http://www.ethicalconsumer.org/boycotts/successfulboycotts.aspx

« Reply #1466 on: June 09, 2014, 17:13 »
0
Perhaps Fotolia is so desperate they have created the odd profile or two to try and fill this topic with doubt about whether it is succeeding?

« Reply #1467 on: June 09, 2014, 17:16 »
-2
Well, OK, so you want to change it. But how?...

I've suggested propping up good companies, but that idea is very light on community support. Beyond that, I'm honestly not sure what to do. All I know is that opting out images isn't going anywhere, and I wish we could figure out something else to put all of that effort and energy into. I'm certainly open to suggestions.

...If Stockfresh ever did become even a modest success, the owner's past record suggests they would just sell it off and pocket the cash...

Would you say that about any company run by someone who previously sold a stock company? Stocksy? Or any company run by someone who previously sold any other company? Seems like a harsh rule.

« Reply #1468 on: June 09, 2014, 18:41 »
-11
A list of successful boycotts (the first one is particularly applicable to our situation):

http://www.ethicalconsumer.org/boycotts/successfulboycotts.aspx


Got any successful stock agency boycotts to share?

« Reply #1469 on: June 09, 2014, 20:10 »
+7
I made a search on DPC with some specific words "beard hipster drawing" and made the same search on Shutterstock. There is a huge difference between them in terms of quality and quantity.

« Reply #1470 on: June 09, 2014, 22:09 »
+2
Got any successful stock agency boycotts to share?

Has one ever been attempted before? Serious question. I honestly don't know.

« Reply #1471 on: June 10, 2014, 02:37 »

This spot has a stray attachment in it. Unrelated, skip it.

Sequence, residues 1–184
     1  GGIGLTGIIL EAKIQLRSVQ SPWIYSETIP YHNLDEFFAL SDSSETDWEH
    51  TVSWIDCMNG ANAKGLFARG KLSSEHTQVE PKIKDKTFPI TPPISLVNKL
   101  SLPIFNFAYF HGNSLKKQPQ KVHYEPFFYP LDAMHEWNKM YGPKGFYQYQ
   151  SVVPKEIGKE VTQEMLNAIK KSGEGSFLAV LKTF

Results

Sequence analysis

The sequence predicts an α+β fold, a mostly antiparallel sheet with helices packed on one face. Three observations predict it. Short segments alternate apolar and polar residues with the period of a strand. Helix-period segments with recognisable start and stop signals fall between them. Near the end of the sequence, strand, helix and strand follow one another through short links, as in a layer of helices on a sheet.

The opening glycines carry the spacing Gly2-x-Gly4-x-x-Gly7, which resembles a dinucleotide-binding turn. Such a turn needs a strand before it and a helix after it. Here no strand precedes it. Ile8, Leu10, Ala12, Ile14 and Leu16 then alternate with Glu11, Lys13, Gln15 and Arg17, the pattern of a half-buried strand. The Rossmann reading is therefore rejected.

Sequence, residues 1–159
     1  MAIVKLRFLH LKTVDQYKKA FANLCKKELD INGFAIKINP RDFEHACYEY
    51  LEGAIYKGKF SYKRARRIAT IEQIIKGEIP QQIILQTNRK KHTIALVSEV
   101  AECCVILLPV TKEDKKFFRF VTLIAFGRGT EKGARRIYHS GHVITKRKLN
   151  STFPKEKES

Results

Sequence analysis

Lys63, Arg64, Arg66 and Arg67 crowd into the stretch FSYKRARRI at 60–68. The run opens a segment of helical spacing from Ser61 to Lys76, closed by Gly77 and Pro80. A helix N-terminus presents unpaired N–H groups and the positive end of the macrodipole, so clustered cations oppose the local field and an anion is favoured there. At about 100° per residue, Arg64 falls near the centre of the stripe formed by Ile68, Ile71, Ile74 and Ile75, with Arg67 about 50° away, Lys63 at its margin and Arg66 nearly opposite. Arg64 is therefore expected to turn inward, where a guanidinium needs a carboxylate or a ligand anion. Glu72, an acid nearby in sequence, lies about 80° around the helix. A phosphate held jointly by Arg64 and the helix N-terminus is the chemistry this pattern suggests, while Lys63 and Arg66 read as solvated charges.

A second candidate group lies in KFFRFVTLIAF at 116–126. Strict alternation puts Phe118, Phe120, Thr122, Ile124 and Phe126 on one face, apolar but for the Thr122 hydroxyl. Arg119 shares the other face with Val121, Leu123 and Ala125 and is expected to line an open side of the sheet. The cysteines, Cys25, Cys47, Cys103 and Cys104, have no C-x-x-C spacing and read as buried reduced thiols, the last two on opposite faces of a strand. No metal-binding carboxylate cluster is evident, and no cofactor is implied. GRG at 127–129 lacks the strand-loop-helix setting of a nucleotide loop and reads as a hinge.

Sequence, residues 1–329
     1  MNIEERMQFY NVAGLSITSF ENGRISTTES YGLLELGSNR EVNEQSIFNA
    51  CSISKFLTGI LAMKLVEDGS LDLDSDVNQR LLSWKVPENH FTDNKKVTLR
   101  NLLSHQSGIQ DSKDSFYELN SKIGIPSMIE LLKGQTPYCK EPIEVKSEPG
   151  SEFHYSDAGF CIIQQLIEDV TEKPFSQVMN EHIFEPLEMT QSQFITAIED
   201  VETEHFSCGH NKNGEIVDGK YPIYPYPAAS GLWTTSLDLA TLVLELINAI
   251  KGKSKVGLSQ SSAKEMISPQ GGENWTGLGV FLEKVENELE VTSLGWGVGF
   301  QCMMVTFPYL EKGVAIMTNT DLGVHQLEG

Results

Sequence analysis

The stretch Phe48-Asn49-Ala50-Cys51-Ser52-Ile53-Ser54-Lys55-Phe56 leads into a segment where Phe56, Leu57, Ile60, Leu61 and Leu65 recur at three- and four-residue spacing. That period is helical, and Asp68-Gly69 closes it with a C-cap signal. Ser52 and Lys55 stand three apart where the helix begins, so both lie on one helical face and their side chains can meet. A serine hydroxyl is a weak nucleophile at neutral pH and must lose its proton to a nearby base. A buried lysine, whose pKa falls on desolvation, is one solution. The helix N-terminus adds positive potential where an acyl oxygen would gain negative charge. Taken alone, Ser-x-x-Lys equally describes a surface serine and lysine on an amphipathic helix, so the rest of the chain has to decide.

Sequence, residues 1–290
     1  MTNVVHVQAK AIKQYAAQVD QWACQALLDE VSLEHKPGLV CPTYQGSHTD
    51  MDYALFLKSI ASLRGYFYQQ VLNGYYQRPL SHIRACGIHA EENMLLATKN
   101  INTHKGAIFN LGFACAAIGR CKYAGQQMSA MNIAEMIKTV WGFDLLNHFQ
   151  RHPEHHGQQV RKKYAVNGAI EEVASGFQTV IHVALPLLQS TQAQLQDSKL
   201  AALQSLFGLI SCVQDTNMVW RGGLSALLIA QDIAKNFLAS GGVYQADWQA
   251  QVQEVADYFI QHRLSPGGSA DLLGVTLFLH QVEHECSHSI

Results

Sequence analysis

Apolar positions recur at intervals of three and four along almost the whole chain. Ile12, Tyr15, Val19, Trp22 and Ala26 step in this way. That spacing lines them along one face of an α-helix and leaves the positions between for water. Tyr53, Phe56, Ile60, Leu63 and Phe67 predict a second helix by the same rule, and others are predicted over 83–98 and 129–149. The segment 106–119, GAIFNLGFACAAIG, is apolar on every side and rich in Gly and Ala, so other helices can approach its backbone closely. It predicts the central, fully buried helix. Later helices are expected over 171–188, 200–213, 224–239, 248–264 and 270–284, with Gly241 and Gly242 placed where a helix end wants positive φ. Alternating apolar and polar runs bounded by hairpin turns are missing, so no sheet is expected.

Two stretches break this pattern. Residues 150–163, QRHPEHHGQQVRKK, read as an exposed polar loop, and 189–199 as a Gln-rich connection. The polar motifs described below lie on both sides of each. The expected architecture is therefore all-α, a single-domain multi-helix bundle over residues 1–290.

+6

...If Stockfresh ever did become even a modest success, the owner's past record suggests they would just sell it off and pocket the cash...

Would you say that about any company run by someone who previously sold a stock company? Stocksy? Or any company run by someone who previously sold any other company? Seems like a harsh rule.

Good point, but also rather missing my point. If I were looking at trying to support a site for political reasons, yes I would. If I were simply trying to make some more money and thought the site had a chance of doing that then I wouldn't bother thinking about it.
The lack of investment in Stockfresh to attract buyers suggests to me that the owners aren't really interested in running a stock site any longer.
As for Stocksy, is anybody convinced that it won't be sold on at some point? That doesn't mean that it won't produce a worthwhile return on effort in the meantime, or, indeed, continue to do so if it is sold.
It's also a dangerous business building up "fair" sites. If I remember aright, back in 2005 Fotolia was the fairest of the fair. The first site that was going to be totally fair to photographers and stop the rip-off commission. It was the site you had to join to start the fair-pay revolution. And what happened as soon as Fotolia gained unstoppable momentum? It became nastier and more exploitative than any of those it was going to save us all from.